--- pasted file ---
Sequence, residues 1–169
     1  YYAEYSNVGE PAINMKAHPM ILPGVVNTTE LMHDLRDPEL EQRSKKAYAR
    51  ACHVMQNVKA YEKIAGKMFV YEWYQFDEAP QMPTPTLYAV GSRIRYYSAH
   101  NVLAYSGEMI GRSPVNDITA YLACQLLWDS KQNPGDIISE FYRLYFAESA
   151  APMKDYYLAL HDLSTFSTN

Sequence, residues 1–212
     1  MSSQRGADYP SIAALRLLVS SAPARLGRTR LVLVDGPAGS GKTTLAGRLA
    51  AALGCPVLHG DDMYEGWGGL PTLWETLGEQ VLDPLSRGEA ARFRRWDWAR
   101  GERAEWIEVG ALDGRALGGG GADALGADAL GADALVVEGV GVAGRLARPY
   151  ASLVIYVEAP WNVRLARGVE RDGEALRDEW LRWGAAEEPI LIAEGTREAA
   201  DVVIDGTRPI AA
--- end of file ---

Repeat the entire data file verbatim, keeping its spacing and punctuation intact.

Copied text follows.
Sequence, residues 1–169
     1  YYAEYSNVGE PAINMKAHPM ILPGVVNTTE LMHDLRDPEL EQRSKKAYAR
    51  ACHVMQNVKA YEKIAGKMFV YEWYQFDEAP QMPTPTLYAV GSRIRYYSAH
   101  NVLAYSGEMI GRSPVNDITA YLACQLLWDS KQNPGDIISE FYRLYFAESA
   151  APMKDYYLAL HDLSTFSTN

Sequence, residues 1–212
     1  MSSQRGADYP SIAALRLLVS SAPARLGRTR LVLVDGPAGS GKTTLAGRLA
    51  AALGCPVLHG DDMYEGWGGL PTLWETLGEQ VLDPLSRGEA ARFRRWDWAR
   101  GERAEWIEVG ALDGRALGGG GADALGADAL GADALVVEGV GVAGRLARPY
   151  ASLVIYVEAP WNVRLARGVE RDGEALRDEW LRWGAAEEPI LIAEGTREAA
   201  DVVIDGTRPI AA